Corporate Lobbyists Lash Out at Possibility of Clinton Picking Progressive VP

Also see: Wall Street’s Veto Power: Why Warren Is Unlikely to Be Clinton’s Running Mate

Lobbyists and financial services executives are heaping pressure on Hillary Clinton, urging her not to pick a progressive running mate.

Corporate-funded advocacy groups told The Hill in an article published Tuesday that Labor Secretary Tom Perez would be unpalatable to the managerial and executive classes. The outreach came a day after Politico ran a story featuring numerous Wall Street donors anonymously criticizing the idea of Sen. Elizabeth Warren (D-Mass.) as Vice President.

“If she picks someone hostile to small businesses, that sends an alarming message to the business community,” said Jack Mozloom, a spokesperson for the National Federation of Independent Business, when asked by The Hill about Perez. “We wouldn’t regard this as a positive.”

Heather Greenway, executive director of the Workforce Fairness Institute, an anti-labor organization, told the paper that Perez “has pushed this ideological agenda since he stepped foot in that position.”

Perez has repeatedly clashed with industry groups during the rule-making process. The Labor Department’s fiduciary and overtime rules, in particular, have raised the ire of Corporate America.

The former would require financial advisers to disclose conflicts of interest, and is being challenged in court. The latter would double the dollar threshold of a major overtime exemption that hadn’t been adjusted in decades. Republican lawmakers are trying to block it with legislation. It is slated to take effect on Dec. 1.

The lobbyist outcry over the Perez rumors came a day after numerous Wall Street donors bashed the possibility of a Clinton-Warren ticket in a Politico feature.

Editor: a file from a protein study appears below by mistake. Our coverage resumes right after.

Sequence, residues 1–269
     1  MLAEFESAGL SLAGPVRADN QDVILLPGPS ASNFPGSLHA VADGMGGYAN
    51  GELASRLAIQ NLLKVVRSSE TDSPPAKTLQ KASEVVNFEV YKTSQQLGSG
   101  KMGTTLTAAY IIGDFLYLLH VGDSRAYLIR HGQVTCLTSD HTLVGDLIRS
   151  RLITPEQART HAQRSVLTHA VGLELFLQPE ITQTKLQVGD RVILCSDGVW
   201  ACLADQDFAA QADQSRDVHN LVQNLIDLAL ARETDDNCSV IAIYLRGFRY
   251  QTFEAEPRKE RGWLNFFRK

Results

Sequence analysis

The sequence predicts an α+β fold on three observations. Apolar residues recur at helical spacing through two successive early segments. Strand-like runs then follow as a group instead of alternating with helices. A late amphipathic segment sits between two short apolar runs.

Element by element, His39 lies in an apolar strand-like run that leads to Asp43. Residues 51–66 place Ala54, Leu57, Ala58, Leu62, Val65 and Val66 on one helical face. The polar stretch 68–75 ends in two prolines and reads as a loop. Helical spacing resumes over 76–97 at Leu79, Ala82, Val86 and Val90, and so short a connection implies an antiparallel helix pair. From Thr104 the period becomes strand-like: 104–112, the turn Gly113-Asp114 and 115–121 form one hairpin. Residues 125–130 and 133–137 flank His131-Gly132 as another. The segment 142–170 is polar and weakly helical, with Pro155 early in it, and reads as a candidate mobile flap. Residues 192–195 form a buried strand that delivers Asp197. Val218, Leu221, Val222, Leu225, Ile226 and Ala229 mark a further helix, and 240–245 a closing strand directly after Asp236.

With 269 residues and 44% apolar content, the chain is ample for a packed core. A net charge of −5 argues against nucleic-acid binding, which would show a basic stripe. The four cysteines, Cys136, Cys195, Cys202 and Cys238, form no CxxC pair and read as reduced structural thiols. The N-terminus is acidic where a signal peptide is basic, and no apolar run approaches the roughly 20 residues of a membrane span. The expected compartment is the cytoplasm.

“If Clinton picked Warren, her whole base on Wall Street would leave her,” one Clinton fundraiser said. “They would literally just say, ‘We have no qualms with you moving left, we understand all the things you’ve had to do because of Bernie Sanders, but if you are going there with Warren, we just can’t trust you, you’ve killed it.'”

Progressives have their own qualms with the thought of Warren joining the Clinton administration.

“It’s already tough enough for this movement to make real change in America, and it’s only going to get tougher if one of our brightest leaders gets co-opted, and then ignored, by the center,” Shane Ryan wrote, for example, in Paste Magazine.

The left will have its own criticisms of a Perez pick, too: most notably, surrounding his work lobbying Congress, on behalf of the Obama administration, to pass the Trans-Pacific Partnership (TPP).

Clinton also boosted the deal, as President Obama’s top envoy. Despite this and her long history of supporting free trade agreements, she came out against the TPP at the start of the Democratic Primary.

Efforts to find out more about what Clinton said on the TPP as Secretary of State are being held up in the FOIA process. Department officials said earlier this month that they wouldn’t release Clinton’s emails on the trade deal until Nov. 31. The date is both after the election and non-existent.

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